Chevrolet Equinox vs Honda CR-V

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Automotive Editor

John has been a professional writer, editor, and producer for more than 15 years. His work can be found on TV, radio, web, and various publications throughout the world. He is a graduate of Northwestern University and lives in Cincinnati, Ohio. Most important, he boasts a loaded 1992 Cadillac Brougham d’Elegance in his garage.

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, Automotive Editor - November 13, 2013

Spend a few minutes in the Chevrolet Equinox and Honda CR-V and you'll know that these aren't niche players, but mass-appeal crossovers aimed squarely at the heart of the market. While they're technically compact, both offer enough room and riding comfort to please all but the most rambunctious families.

See a side-by-side comparison of the Equinox and CR-V >>

So what's the difference? We drill down to find out.

Equinox Virtues

The Equinox is styled along the lines of larger models in the Chevrolet family, but its substantial appearance is more than just clever design. It's large for this class and weighs more than most competitors. The result is a smooth, hushed ride and solid feel that will remind you of more expensive vehicles, especially when it's equipped with the newly available 301-horsepower 3.6-liter V6. Even so, the base four-cylinder features active noise cancellation, so all examples cruise quietly.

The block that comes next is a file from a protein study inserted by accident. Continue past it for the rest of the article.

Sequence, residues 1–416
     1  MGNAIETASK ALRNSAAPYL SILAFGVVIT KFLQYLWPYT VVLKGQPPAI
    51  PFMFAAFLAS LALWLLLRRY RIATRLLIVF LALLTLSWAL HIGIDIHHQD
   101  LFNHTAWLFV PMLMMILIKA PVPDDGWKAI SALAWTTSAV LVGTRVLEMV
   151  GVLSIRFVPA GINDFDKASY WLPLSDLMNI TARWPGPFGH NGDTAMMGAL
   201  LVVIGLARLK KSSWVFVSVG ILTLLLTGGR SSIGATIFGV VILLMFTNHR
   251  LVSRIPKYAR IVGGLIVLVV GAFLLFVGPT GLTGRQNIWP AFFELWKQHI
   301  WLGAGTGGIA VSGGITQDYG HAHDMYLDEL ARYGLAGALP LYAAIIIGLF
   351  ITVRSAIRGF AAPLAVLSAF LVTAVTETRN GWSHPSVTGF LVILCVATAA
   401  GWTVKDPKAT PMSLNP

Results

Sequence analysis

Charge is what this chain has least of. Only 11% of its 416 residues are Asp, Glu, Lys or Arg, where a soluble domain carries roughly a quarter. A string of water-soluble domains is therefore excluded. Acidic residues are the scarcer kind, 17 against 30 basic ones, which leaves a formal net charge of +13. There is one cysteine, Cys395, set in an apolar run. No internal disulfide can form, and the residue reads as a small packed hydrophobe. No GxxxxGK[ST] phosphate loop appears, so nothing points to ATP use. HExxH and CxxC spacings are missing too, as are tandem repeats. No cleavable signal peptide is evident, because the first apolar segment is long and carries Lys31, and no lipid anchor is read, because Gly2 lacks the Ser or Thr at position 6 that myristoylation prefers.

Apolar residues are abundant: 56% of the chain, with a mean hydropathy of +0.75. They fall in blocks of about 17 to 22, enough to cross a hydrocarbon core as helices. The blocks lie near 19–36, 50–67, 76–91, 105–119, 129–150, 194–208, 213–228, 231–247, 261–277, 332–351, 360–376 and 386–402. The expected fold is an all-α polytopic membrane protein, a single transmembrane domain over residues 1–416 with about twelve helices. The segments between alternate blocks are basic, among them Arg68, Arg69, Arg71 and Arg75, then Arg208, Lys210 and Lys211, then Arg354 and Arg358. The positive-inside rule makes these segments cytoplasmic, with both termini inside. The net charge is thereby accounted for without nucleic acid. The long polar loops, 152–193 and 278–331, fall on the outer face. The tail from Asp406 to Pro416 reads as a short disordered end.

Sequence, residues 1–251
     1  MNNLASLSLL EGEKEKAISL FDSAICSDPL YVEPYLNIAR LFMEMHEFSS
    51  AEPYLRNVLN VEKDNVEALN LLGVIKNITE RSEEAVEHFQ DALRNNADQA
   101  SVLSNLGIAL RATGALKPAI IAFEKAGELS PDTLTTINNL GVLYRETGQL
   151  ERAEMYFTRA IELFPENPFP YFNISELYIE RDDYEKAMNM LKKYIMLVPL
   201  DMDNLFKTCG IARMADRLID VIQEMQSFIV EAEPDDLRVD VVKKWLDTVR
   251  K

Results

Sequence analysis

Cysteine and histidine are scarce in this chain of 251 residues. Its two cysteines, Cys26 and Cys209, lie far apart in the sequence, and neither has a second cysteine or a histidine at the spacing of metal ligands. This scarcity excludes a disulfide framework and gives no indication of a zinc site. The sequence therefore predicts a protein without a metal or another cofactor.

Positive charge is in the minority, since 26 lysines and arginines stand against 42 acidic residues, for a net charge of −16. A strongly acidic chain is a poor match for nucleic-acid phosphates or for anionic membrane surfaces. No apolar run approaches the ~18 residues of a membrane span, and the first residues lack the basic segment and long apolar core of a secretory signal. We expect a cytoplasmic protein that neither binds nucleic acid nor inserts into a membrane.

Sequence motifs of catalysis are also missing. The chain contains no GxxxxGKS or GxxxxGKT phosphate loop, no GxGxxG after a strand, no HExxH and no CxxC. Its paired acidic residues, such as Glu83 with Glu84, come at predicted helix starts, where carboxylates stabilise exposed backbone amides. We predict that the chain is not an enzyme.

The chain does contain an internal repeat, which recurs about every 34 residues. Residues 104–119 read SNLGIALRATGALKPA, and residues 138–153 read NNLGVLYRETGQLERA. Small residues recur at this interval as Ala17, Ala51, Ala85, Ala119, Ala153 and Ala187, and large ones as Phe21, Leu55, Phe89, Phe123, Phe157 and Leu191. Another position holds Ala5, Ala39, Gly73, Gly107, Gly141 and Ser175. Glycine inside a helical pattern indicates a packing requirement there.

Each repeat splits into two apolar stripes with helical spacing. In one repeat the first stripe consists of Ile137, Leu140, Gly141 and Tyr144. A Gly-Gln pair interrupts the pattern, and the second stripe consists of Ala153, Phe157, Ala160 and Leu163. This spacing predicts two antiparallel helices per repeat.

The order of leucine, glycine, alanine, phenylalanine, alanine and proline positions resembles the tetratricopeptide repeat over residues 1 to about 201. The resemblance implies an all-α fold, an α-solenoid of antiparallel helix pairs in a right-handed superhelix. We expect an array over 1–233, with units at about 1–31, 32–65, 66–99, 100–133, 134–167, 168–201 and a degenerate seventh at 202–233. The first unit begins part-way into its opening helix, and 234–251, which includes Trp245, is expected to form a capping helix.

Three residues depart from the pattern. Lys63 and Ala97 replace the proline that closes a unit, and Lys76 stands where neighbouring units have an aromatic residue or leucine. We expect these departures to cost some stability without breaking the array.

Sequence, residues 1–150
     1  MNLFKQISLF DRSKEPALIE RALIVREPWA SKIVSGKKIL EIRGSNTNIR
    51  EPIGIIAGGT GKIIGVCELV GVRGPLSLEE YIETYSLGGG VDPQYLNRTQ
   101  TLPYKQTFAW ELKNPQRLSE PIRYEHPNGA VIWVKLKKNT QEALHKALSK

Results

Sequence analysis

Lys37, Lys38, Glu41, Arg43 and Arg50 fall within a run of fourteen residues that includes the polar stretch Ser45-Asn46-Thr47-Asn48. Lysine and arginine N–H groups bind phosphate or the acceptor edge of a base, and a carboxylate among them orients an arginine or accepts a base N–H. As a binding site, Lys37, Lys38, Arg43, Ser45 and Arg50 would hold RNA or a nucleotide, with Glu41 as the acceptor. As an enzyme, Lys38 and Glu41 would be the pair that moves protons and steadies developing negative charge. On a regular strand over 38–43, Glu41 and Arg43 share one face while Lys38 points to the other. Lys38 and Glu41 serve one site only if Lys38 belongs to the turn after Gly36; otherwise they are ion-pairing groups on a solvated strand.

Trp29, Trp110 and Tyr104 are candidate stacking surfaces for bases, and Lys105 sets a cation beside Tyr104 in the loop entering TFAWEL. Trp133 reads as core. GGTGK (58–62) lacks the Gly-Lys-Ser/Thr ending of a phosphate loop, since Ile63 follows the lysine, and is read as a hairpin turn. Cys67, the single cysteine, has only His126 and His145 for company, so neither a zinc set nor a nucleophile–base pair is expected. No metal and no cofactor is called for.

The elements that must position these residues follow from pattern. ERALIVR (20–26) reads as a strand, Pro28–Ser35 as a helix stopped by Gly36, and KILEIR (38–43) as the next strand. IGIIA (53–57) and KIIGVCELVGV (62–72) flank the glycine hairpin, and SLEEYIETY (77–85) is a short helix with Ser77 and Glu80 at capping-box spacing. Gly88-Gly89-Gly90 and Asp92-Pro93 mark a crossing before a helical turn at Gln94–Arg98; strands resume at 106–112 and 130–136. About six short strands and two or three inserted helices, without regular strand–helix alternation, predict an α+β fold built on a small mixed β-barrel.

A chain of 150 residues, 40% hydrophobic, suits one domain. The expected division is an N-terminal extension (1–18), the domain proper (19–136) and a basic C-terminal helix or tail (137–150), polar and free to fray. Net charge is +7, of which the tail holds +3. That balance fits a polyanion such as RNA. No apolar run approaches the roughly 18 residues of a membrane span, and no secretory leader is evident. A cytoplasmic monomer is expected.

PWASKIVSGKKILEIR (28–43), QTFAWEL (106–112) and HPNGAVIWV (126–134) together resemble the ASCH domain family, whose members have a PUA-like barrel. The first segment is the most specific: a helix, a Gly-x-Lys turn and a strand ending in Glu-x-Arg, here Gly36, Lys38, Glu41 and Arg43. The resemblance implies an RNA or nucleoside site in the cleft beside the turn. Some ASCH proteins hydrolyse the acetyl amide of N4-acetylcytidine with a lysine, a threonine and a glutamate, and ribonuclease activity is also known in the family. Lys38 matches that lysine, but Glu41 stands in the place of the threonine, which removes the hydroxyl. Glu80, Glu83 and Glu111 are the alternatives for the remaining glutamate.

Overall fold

The Chevy's wide stance produces commendable hip and shoulder room for all passengers. The rear seat can slide forward to increase cargo space or back to provide more legroom. That feature alone could make buyers think twice about the need for a larger crossover.

CR-V Virtues

The current CR-V is thoroughly up-to-date in design and technology. Its strong suit remains cargo space, up to 71 cubic feet of it, in addition to numerous storage compartments for small items. Instead of a sliding rear seat, the Honda offers spring-loaded seatbacks that fold down automatically when released via a lever. It's a simple but effective system that doesn't require contortions or a motor.

The 2.4-liter four-cylinder delivers 185 horsepower and 26 mpg in combined city and highway driving, or 25 mpg with all-wheel drive. Most drivers will find the CR-V plenty smooth and refined for their tastes, and highly maneuverable in traffic and parking lots.

What's Important?

When cargo space is a priority, the CR-V shines above just about everything in this class. And you still get strong efficiency to boot. The Equinox is a plush cruiser that mimics a larger vehicle, especially with the potent V6.

Our Verdict: Honda CR-V

The CR-V's easy versatility and clever packaging earn it the nod in this matchup.

Take a closer look at the Chevrolet Equinox >>

Take a closer look at the Honda CR-V >>

, Automotive Editor

John has been a professional writer, editor, and producer for more than 15 years. His work can be found on TV, radio, web, and various publications throughout the world. He is a graduate of Northwestern University and lives in Cincinnati, Ohio. Most important, he boasts a loaded 1992 Cadillac Brougham d’Elegance in his garage.

Follow On: Google+ | Website

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